Saudi Arabia enforces strict Islamic law and imposes death by beheading for murder.
Photograph: Fahad Shadeed/Reuters/Corbis
Saudi Arabia has executed a member of the royal family for murder in a rare case involving one of the thousands of members of the House of Saud.
Prince Turki bin Saud al-Kabir was put to death in the capital, Riyadh, for shooting dead Adel al-Mahemid, a Saudi, during a brawl, the interior ministry said.
Kabir was the 134th local person or foreigner put to death in 2016, according to an AFP tally of ministry statements.
The Arab News reported in November 2014 that a court in Riyadh had sentenced an unnamed prince to death for killing his friend.
Another person was injured in an exchange of gunfire following a dispute at a camp on the edge of Riyadh in December 2012, the newspaper said.
Desert camps are popular gathering places for Saudis.
When the killer realised that his victim was a friend and colleague he informed the police, the Arab News said.
The sentence reflected the kingdom's "fair justice system", Arab News quoted the victim's uncle, Abdul Rahman al-Falaj, as saying.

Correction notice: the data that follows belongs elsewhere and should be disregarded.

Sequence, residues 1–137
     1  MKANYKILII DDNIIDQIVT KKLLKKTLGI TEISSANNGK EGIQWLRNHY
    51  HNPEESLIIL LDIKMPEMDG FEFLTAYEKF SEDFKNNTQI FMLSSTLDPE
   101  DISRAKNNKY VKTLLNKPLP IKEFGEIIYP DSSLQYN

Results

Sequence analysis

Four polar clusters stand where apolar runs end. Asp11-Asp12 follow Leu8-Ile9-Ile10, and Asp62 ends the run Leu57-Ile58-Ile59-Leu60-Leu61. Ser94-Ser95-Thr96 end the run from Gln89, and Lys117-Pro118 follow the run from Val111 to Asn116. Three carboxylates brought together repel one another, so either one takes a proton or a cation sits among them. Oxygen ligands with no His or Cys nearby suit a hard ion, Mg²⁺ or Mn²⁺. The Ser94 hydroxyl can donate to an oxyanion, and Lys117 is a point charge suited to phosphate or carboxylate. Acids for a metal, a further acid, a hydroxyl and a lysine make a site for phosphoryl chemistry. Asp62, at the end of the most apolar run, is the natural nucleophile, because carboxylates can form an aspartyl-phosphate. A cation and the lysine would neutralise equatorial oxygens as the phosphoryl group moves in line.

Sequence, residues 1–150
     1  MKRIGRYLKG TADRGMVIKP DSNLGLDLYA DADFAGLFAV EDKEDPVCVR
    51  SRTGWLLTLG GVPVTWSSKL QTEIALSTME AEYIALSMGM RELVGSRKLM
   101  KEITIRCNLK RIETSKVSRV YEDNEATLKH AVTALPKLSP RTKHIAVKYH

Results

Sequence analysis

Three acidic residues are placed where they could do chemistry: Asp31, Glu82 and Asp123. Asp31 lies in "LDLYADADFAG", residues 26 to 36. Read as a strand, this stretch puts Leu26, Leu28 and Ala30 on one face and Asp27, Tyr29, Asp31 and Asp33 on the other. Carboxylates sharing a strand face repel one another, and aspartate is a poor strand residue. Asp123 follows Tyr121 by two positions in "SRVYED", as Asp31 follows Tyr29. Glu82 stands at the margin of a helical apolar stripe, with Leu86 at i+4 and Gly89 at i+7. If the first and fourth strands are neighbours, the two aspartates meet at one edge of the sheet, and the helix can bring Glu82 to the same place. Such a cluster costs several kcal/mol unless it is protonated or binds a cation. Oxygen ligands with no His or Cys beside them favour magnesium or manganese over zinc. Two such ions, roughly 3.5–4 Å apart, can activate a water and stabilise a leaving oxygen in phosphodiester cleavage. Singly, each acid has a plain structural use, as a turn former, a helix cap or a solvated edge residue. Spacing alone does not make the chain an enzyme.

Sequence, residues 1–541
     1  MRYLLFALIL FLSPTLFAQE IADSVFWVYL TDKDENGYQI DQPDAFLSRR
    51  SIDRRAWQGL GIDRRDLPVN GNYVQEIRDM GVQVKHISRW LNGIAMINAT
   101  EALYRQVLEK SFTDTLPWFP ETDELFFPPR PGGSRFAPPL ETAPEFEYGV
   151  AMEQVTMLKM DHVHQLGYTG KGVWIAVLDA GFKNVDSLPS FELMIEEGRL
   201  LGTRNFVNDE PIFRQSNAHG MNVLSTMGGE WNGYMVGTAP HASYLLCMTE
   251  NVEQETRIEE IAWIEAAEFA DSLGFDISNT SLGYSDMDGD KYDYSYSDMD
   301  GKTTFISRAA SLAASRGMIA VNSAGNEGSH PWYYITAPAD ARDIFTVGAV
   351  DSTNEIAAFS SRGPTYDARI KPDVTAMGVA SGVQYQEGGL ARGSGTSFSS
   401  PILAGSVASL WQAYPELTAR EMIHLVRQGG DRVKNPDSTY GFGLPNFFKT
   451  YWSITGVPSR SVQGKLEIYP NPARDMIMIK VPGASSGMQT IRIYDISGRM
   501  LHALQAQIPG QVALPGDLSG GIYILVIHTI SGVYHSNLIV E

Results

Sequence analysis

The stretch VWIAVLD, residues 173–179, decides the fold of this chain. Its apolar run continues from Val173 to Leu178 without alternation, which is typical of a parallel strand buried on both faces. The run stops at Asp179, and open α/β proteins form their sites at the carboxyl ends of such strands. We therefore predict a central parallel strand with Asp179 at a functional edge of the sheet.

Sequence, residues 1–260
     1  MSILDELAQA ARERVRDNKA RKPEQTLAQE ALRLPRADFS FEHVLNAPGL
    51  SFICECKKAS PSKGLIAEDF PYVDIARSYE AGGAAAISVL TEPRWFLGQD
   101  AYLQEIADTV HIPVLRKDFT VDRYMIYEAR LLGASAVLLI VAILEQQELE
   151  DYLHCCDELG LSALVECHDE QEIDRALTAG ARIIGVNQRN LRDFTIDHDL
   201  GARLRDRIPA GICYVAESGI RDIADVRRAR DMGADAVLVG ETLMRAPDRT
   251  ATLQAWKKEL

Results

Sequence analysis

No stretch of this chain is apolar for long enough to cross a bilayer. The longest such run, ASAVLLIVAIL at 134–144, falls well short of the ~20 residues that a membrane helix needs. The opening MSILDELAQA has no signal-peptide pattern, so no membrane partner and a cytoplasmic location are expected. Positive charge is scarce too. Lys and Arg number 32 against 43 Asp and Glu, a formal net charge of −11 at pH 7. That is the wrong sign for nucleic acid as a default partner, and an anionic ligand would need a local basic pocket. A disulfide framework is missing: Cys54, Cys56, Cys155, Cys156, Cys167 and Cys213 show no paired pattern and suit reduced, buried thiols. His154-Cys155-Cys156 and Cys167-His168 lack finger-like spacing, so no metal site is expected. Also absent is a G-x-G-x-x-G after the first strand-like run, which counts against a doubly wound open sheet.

Most people put to death in Saudi Arabia are beheaded with a sword.
Saudi Arabia has a strict Islamic legal code under which murder, drug trafficking, armed robbery, rape and apostasy are all punishable by death.
Amnesty International says the kingdom carried out at least 158 death sentences in 2015, making it the third most prolific executioner after Iran and Pakistan.
Amnesty's figures do not include secretive China.
Murder and drug trafficking cases account for the majority of Saudi executions, although 47 people were put to death for "terrorism" on a single day in January.
Rights experts have raised concerns about the fairness of trials in the kingdom but the government says the death penalty is a deterrent.